Senate proposes DOD tech review panel

With scores of terrorism-fighting technology proposals flooding the Defense Department, lawmakers recommend creating a panel within DOD to help review such proposals, according to the Senate fiscal 2003 Defense authorization bill.

The program is designed to encourage small businesses and nontraditional defense contractors to submit proposals that are potentially beneficial for combating terrorism, according to the bill, passed by the Senate June 27 by a vote of 97-2.

The Senate version of the fiscal 2003 authorization bill, S. 2514, a policy bill that approves programs for DOD totaling $393 billion, must be resolved with the House's version of the bill, which was approved in May.

The House, meanwhile, voted to approve its version of the fiscal 2003 Defense appropriations bill, H.R. 5010, by a 413-18 vote, providing $355 billion in defense spending.

The bills endorse much of President Bush's proposed increases in defense spending and funds for waging the war against terrorism. The bill provides $33.8 billion more than what was appropriated for fiscal 2002, although it is $2.1 billion less than the Bush administration had requested.

How exactly DOD should invest its money is one matter of concern. The Pentagon received more than 12,000 proposals last fall in response to its broad appeal for new technology ideas to combat terrorism. But Defense officials have yet to review or respond to many of those proposals, according to the committee.

The panel proposed by the Senate would recommend potential contractors to the undersecretary for acquisition, technology and logistics. Members would consist of technology experts from the Pentagon and military services, as well as the private and academic sectors.

Olga Grkavac, executive vice president of the Enterprise Solutions Division at the Information Technology Association of America, said there is a similar provision in the House bill, but the Senate version includes $50 million to fund the initiative. Overall, industry has been supportive of the initiative, although ITAA has not taken a formal position on it, she said.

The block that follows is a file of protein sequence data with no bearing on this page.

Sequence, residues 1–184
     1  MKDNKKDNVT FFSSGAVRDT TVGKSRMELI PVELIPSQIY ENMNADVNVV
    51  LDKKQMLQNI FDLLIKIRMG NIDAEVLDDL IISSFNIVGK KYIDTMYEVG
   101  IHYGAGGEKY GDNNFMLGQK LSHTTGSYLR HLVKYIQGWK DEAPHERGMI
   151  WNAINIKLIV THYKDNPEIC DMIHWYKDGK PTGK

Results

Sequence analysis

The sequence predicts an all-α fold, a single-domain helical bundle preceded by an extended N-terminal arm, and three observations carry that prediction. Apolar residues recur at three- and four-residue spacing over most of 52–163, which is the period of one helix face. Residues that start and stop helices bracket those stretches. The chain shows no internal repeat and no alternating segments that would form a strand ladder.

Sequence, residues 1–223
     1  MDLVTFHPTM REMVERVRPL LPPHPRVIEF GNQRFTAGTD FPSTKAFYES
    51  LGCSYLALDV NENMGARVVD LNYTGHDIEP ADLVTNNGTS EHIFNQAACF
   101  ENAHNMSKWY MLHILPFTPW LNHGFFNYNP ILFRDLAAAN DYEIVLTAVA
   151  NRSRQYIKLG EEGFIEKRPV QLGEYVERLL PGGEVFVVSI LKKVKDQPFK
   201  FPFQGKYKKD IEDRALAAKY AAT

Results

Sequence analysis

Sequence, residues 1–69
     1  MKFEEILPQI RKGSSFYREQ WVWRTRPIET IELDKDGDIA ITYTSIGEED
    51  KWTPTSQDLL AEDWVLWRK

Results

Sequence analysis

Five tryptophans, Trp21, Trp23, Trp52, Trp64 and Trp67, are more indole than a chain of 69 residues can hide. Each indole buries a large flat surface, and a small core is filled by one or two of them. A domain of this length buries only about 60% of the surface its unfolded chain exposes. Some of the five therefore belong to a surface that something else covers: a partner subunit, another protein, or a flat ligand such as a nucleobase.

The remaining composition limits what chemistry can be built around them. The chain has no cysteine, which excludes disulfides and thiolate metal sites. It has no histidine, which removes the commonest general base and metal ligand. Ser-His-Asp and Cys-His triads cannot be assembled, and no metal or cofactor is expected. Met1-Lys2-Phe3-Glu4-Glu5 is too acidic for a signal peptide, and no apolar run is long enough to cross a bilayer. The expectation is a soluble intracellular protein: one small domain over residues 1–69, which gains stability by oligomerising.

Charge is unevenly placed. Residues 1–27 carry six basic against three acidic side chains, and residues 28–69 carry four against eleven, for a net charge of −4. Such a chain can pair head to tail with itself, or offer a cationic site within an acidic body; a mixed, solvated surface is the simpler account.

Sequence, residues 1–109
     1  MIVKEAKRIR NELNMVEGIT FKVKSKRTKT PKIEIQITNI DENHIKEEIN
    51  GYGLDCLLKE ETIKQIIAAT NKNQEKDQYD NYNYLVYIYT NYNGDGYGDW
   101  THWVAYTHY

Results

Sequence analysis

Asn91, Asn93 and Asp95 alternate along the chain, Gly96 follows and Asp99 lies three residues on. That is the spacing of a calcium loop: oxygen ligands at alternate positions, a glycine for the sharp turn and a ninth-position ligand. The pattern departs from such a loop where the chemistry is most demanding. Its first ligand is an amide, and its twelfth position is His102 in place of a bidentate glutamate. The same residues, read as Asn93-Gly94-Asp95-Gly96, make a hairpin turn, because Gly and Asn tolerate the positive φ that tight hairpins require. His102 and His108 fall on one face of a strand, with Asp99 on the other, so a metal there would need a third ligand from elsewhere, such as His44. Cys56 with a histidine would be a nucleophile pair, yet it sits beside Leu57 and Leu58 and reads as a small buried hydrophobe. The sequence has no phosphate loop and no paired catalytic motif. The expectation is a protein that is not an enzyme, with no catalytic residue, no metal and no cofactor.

NMCI Catches Heat

The Senate bill mirrors the House version enabling the Navy to extend the Navy Marine Corps Intranet contract with lead vendor EDS by two years. Lawmakers, however, voiced their dissatisfaction with the pace of NMCI.

The House version of the DOD spending bill trimmed NMCI funding, a staff member for the House Appropriations Committee said. EDS officials, however, noted that the cuts would come out of the Navy's overall information technology budget so NMCI will continue to be fully funded for fiscal 2003.

The report that accompanies the spending bill, however, includes some harsh criticism of how the Navy has managed NMCI's implementation and questioned the testing process that was used to certify the viability of NMCI. Therefore, the House recommends that the Navy take a slower, steadier approach, the staff member said.

NMCI, the Navy's massive effort to create a single network across more than 400,000 seats for its shore-based facilities, has been bogged down by scores of legacy applications that need to be accommodated. At one point, the Navy tallied nearly 100,000 separate applications.

The House bill would prohibit the Navy from ordering seats beyond the 160,000 that are currently authorized and would require the Pentagon to conduct further tests once 20,000 seats have been rolled out.